A woman crawls by unnoticed - on the ceiling like a fly. A long-dead killer claims victim after victim. Flames erupt, snakes slither, the ground opens and reveals a writhing pit of the damned. The evil is back.
"I have dreams... of a rose, and then of falling down a long flight of steps."
- Patient X
It took me a long
time to get around to watching Exorcist III
, and who could blame
anyone for that. As a rule, sequels are not only inferior to the originals
but oftentimes just plain bad, especially by the time we get around to
a third film. There are exceptions, however, and Exorcist III
fairly close to the mark.
The plot is
based on William Peter Blatty's novel Legion
, which was a semi-sequel
to The Exorcist
. Those expecting a retread of the first film will
mostly be disappointed, since the story is actually about the investigation
of serial murders in Georgetown. Additionally, the story benefits by not
following the characters of Chris & Regan MacNeil, instead developing
the characters of Lt. Kinderman and Father Dyer. Jason Miller also returns
as Father Karras...well, sort of.
Once again I'm
inclined to grieve over what could have been instead of what was actually
created. For one, I was bothered by the replacement of Lee J. Cobb with
George C. Scott. Likewise, Ed Flanders replaces Rev. William O'Malley as
Father Dyer. Jason Miller as Karras is the only familiar face in the trio
of returning characters, which is ironic since Father Karras is the last
character you'd expect to see pop up in an Exorcist
he pretty much died at the end of the original story).
The film also
suffers from dialogue that I found to be confusing and pretentious. The
characters do not often interact with one another in any manner that reflects
real life, and several dream sequences come off as laughable. What's worse,
the conclusion has very clearly been tampered with. It appears that the
producers decided that you couldn't have a movie called Exorcist III
without an exorcism in it, so the character of Father Morning seems to
have been added in post-production.
And yet, Exorcist
remains effective in spite of its flaws. William Peter Blatty does
a great job in creating a series of visual references that come together
as the plot concludes, giving us a series of bizarre events and behaviors
that are later validated and explained. Brad Dourif delivers a multifaceted
performance in what could have been an embarrassingly stilted role as the
spiritual entity, managing to be both amusing and scary (sometimes within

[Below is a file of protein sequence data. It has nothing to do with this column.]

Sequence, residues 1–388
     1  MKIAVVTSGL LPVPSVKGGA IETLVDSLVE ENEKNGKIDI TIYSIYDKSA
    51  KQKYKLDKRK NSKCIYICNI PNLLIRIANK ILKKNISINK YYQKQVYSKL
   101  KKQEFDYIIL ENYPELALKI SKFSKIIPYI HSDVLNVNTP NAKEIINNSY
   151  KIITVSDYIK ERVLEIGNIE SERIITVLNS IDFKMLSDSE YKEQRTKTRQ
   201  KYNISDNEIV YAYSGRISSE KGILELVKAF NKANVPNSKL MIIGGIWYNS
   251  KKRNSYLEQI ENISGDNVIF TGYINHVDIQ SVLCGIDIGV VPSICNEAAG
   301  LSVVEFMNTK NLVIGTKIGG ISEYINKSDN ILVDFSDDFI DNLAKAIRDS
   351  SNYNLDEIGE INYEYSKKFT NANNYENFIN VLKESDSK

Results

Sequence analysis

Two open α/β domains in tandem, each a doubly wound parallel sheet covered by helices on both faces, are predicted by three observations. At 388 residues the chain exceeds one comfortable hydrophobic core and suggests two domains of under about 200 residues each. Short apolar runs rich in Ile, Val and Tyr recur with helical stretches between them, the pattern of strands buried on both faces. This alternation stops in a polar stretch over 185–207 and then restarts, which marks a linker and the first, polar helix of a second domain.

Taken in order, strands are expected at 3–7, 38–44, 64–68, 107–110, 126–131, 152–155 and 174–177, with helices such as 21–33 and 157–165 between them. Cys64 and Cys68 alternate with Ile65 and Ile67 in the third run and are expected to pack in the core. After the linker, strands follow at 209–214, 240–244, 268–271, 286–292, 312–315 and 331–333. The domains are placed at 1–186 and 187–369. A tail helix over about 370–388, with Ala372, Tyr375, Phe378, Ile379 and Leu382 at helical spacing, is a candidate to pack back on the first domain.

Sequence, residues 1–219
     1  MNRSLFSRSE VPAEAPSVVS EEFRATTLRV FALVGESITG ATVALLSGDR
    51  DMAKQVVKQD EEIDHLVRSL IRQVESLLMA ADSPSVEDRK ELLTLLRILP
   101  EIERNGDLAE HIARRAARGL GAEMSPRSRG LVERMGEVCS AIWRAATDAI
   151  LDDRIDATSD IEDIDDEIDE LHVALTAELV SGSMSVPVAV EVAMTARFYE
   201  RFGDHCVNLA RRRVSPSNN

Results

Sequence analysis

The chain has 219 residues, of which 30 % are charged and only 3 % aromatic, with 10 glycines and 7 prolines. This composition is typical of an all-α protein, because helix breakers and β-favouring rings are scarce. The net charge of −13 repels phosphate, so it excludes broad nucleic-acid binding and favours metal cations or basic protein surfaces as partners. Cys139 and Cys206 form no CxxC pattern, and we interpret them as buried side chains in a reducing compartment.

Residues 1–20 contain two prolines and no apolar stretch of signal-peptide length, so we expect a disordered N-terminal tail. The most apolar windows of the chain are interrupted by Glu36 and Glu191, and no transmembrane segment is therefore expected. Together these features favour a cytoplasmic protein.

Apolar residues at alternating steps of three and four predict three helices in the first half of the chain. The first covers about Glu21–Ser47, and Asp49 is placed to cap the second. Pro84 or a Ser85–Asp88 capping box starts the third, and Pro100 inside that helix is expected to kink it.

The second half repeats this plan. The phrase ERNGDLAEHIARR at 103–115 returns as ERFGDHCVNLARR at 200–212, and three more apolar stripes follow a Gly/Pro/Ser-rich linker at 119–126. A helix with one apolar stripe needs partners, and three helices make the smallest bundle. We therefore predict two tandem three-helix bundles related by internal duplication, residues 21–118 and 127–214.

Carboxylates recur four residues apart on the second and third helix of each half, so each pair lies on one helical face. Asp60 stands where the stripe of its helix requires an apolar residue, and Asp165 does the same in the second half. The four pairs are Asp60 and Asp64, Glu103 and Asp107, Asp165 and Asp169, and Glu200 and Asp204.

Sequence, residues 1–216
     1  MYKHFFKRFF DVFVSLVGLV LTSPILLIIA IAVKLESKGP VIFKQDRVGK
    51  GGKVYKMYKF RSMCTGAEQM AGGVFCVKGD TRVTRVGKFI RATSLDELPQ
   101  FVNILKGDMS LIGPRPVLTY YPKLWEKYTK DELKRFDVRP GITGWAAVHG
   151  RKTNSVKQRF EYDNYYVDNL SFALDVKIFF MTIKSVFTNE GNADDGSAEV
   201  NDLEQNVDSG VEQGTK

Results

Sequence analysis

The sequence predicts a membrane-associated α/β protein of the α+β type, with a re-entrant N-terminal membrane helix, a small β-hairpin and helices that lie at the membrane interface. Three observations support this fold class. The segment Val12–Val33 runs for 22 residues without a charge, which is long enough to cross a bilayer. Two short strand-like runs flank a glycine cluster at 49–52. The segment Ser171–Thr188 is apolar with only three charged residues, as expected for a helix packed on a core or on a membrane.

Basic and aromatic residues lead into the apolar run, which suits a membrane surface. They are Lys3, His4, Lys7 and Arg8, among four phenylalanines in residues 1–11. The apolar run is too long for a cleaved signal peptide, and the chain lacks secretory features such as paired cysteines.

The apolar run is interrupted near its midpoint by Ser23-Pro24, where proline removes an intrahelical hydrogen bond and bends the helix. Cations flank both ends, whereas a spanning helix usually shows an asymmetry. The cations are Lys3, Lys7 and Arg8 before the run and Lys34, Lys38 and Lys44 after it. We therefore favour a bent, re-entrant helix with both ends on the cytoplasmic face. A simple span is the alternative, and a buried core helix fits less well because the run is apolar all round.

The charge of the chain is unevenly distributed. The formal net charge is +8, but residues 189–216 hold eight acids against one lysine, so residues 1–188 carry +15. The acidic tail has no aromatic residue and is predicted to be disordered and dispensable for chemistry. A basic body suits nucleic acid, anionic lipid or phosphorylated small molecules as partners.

the same sentence). Jason Miller's role is mostly thankless, but he does
get to do some real acting that echoes his brilliant performance in the
is also excellent, including one sequence that is played out in a long,
nearly unbroken shot with the camera mostly stationary. The effect is startling,
although the use of a shameless musical "stinger" on the soundtrack has
a lot to do with the jolt.
If Blatty had
been able to iron out the rough edges, this would have definitely been
on par with the original. As it stands, it's an unsettling film with a
great sense of atmosphere and an intriguing plot, which is pretty admirable
considering the producers decided to play this up as an Exorcist
sequel. It could stand on its own quite nicely without these elements.
- Brad Dourif plays a character in jail. Asked how he is able to
get in and out of jail without being seen, he replies: "It's child's play".
Dourif plays the voice of Chucky in Child's Play, Child's Play
2, Child's Play 3, Bride of Chucky and Seed of Chucky.
- Inspired by the murders of real-life serial killer "The Zodiac."
- The University President claims that his favorite movie is The
Fly. Lee Richardson, the actor who plays him, starred in The Fly
- William Peter Blatty wanted the film to be titled simply "Legion",
just like his novel of the same name. Even though Blatty opposed, the title
was changed to "The Exorcist III."
- In the initial stages of the film, Jason Miller was not cast.
In fact, scenes of Father Karras' death were shot using Brad Dourif. One
scene in particular had George C. Scott examining Dourif' (Karras') body
on an operating table after the priest's death. No movement, however there
is a sound from an EKG in the room. The sound suggested some sort of brain
activity... Jason Miller was cast because the producers decided that, after
showing the film to test audiences, a member of the original cast of The
Exorcist should appear in the film. When this decision was made, William
Peter Blatty rewrote parts of the script, particularly those involving
the Gemini Killer. The result is the schizophrenic conflict between the
Gemini Killer and Father Karras (Dourif and Miller respectively) that exists
in the film.
- William Peter Blatty himself offered directorial responsibilities
to John Carpenter; Carpenter however, turned him down, and Blatty himself
helmed the project.
- William Peter Blatty made the film based on his novel "Legion"
which was published on August 1st, 1983. He was extremely reluctant to
sell the movie rights after the sequel but eventually decided to step up
to the directors chair himself. The company decided to call it "The
Exorcist III" even though the screenplay and novel featured no exorcisms
whatsoever. When the company realized this as the film was going into shooting,
they demanded an exorcism scene be written and added into the film.
to an A&E Biography on Jeffery Dahmer, the one victim who survived
and escaped a "meeting" with Jeffery makes a confession in court stating
that Jeffery Dahmer put on a tape of The Exorcist III, and told
the young man - Tracy Edwards - to watch it with him. Dahmer claimed that
it was his favorite movie. (Thanks Inferrell for the